NJ Students Walk Out to Protest Budget Cuts

It's the modern-day version of a grass roots protest.

Thousands of students throughout New Jersey pledged on a Facebook page to walkout of class at 8 a.m. today to protest budget cuts which are slashing school programs.

While peaceful in almost all respects, there were some arrests.

At Montclair High School hundreds of students walked out of classes at the stroke of eight, chanting, "No more budget cuts." 

By midday, walkouts were reported from Rancocas Valley High School in Mount Holly to West Orange High School. Students in Newark marched by the thousands from City Hall down Broad Street to Military Park.

Newark Police Tuesday night reported 3 arrests after the protest, but one was by an adult and it was not clear if he is still a student. He was charged with the theft of a wallet.

Late in the afternoon, well after the march was over, police said two juveniles were arrested and charged with the assault and robbery of a delivery boy as he attempted to make a delivery.

A crowd that appeared to number as high as three thousand was peaceful though during the hours of the protest itself.

The Facebook page (created by someone who appears to be a former student turned activist) says more than 17,500 have already pledged to walkout and another 14,700 have said they might.

The young protesters say they are risking in-school suspensions but it's worth it.

Donyn Bunn, 16 and a senior at American History High School in Newark participated in the walkout. " (Gov.) Chris Christie, he's cutting back on our education, and not only our education. He's cutting back on the quality of our students and our teachers," Bunn said.

Raul Ausa, 16, is a sophomore at West Orange High School and an organizer of that school's protest, which drew some 250 students. "We don't want our budgets to be cut, we don't want our programs to be cut," Ausa said.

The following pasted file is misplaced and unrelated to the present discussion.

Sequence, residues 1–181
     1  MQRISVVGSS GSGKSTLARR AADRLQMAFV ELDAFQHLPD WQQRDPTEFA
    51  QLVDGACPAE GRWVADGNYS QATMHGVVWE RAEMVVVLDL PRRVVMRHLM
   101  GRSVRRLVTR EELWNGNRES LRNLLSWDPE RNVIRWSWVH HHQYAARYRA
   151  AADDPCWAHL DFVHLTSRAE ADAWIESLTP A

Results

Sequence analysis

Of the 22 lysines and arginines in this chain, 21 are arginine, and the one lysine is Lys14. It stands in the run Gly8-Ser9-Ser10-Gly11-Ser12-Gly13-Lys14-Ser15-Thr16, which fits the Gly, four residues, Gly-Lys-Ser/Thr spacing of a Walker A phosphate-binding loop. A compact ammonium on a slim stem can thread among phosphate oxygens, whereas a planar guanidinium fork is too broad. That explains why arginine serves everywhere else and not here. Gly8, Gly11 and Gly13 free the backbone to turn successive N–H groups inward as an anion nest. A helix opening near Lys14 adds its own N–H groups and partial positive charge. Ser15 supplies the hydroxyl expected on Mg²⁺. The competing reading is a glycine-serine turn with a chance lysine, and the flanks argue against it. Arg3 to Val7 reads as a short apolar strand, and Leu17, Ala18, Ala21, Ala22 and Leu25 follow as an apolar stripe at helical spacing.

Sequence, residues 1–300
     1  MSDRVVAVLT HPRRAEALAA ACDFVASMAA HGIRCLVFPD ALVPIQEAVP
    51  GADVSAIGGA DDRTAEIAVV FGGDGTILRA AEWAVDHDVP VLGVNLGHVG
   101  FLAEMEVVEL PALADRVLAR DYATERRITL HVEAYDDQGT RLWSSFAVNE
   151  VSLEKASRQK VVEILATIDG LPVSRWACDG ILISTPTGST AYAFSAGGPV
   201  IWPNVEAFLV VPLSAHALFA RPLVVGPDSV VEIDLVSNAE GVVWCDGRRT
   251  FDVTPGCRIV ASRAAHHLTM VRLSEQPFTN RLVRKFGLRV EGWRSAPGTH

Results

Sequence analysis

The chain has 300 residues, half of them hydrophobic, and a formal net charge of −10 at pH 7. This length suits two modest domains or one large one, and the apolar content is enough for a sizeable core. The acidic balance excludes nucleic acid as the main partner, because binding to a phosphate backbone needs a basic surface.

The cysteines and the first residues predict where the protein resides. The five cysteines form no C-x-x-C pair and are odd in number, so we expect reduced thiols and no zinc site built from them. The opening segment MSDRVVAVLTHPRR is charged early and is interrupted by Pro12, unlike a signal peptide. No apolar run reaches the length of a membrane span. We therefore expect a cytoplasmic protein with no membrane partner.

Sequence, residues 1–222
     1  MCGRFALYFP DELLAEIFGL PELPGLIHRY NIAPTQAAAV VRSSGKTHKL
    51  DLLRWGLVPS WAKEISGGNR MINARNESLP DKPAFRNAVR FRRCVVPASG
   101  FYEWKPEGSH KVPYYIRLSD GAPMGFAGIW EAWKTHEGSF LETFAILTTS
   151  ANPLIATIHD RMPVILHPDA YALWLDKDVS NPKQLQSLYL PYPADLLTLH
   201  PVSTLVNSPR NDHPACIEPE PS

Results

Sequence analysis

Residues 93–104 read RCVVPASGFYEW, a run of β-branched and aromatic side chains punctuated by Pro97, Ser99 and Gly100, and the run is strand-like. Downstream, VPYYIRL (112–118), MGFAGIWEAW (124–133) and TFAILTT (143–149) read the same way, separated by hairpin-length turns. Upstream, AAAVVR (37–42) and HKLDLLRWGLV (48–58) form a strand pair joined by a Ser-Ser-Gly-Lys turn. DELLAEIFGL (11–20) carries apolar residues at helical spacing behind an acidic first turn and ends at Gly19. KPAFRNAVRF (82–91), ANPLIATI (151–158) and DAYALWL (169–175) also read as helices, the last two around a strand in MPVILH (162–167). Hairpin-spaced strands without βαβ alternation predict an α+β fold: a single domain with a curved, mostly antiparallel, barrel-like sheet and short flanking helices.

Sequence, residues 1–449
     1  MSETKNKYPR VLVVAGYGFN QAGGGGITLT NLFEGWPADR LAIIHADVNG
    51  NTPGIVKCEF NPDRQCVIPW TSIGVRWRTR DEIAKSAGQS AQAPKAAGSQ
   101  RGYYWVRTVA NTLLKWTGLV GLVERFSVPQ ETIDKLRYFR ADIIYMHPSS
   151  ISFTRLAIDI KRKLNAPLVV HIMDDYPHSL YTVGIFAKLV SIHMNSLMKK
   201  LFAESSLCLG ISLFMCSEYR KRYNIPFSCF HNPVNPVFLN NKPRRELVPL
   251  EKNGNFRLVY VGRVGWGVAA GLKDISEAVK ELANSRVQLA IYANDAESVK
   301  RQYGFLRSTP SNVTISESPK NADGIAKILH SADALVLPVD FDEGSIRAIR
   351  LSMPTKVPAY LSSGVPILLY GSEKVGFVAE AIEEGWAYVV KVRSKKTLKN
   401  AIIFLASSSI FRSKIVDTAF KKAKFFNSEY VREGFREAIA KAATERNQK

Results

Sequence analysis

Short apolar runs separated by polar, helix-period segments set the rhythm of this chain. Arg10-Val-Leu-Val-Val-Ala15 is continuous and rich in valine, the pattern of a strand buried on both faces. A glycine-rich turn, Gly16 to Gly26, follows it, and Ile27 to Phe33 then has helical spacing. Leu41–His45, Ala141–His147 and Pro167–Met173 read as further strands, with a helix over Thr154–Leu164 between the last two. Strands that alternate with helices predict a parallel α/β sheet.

West Orange High School Principal Arthur Alloggianmento said it was a learning experience for his students, "The students that went out there really felt strongly about the budget cuts and wanted to express that and I think they did that very eloquently."

Organizer Michelle Lauto, who graduated last year from Old Tappan High School in Bergen County and is now a student at Pace University in New York, said she wanted to join the cause because her mother is a teacher and her sister is a school secretary.

"What we want to do is get attention to the issue and show primarily that the youth is not apathetic to the issue," said Lauto, 18, an actress who's especially concerned that arts programs could be eliminated.

Just before noon, Gov. Chris Christie released a statement saying students "belong in the classroom."

"we hope all efforts were made to curtail student walkouts," said Christie. "It is also our firm hope that the students were motivated by youthful rebellion or spring fever – and not by encouragement from any one-sided view of the current budget crisis in New Jersey.  Students would be better served if they were given a full, impartial understanding of the problems that got us here in the first place and why dramatic action was needed.”

The New Jersey Dept. of Education Commissioner Bret Schundler added, “Schools should enforce their attendance policies. They should not be permitting students to walk out of class.”

This is just the latest battle in the war over school funding.

It comes after last week's bombshell, where more than 58 percent of voters statewide said no to the proposed school budgets -- a modern day record.

The voters strongly opposed any form of tax increase, leaving those districts to come up with a funding solution by mid-May that will likely include wage freezes for teachers.

That is in line with what Governor Christie has been suggesting when he proposed slashing $820 million from the education budget to offset an $11 billion budget gap.

Christie says layoffs can be avoided, though, if school employees agree to one-year salary freezes and to start paying 1.5 percent of their salaries toward their health insurance premiums.

 Most of the state's teachers unions have balked at the notion, though, saying Christie is unfairly trying to balance the state's budget at their expense. Christie has been unapologetic, consistently criticizing the leaders of the New Jersey Education Association for being selfish.

The NJEA says students are "engaging in civil disobedience" but shouldn't walk out of classes.

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